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The Profession of Chemistry

Nature volume 104, pages 409410 (25 December 1919) | Download Citation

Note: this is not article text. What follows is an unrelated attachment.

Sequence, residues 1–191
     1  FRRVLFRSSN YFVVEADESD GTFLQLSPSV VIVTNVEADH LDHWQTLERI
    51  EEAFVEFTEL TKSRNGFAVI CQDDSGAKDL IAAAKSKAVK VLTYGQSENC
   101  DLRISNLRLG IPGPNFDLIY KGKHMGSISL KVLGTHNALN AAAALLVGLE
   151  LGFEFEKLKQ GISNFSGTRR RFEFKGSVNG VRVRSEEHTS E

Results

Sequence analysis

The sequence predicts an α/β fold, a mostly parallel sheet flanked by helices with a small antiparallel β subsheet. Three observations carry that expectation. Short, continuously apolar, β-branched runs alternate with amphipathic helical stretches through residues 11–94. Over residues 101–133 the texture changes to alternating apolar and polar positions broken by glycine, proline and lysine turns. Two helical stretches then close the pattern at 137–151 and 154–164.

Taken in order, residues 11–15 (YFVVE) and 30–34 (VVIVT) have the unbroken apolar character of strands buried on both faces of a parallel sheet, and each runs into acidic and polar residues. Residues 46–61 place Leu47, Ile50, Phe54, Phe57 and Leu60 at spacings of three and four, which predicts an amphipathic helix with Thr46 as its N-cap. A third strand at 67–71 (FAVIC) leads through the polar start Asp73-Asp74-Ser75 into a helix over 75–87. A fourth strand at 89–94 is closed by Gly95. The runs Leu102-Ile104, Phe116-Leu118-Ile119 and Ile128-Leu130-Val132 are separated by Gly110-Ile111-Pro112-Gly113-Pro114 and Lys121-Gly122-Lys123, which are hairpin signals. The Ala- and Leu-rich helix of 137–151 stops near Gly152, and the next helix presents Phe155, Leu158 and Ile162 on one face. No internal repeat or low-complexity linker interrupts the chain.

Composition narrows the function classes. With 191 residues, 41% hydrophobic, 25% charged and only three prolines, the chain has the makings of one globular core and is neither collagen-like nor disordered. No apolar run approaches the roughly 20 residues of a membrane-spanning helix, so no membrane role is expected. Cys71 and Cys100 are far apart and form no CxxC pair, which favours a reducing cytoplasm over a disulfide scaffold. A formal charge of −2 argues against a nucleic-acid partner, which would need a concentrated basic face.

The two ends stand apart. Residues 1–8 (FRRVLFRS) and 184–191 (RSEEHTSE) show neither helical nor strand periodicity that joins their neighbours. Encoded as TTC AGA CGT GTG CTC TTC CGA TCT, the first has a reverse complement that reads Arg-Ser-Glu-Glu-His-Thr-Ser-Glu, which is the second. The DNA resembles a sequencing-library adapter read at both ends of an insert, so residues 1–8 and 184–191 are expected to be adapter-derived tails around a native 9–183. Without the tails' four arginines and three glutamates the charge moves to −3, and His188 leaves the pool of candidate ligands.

THE late Sir Henry Roscoe, in his autobiography, relates that when he had made up his mind to follow chemistry as a profession his decision caused astonishment and even dismay among his friends and relations, who asked him if he intended to open a shop with red and blue glass bottles in the window. This, he added, was not an extraordinary question in the early 'fifties. Some persons would consider it as not more extraordinary to-day. Fairly well informed people have gradually learned to understand that there is a distinction between the professional chemist and the pharmacist, but the general community still regards the shopkeeper who dispenses medicines and sells drugs and anything else that he thinks may appeal to his clients as a chemist, because he calls himself such. This needless confusion in the public mind exists nowhere else in Europe, and would not exist here if our Legislature and the Public Departments concerned with the issue of Royal charters, and, it may be added, our lay Press, were better acquainted with the functions and aims of the science of chemistry as distinguished from the art and craft of pharmacy.

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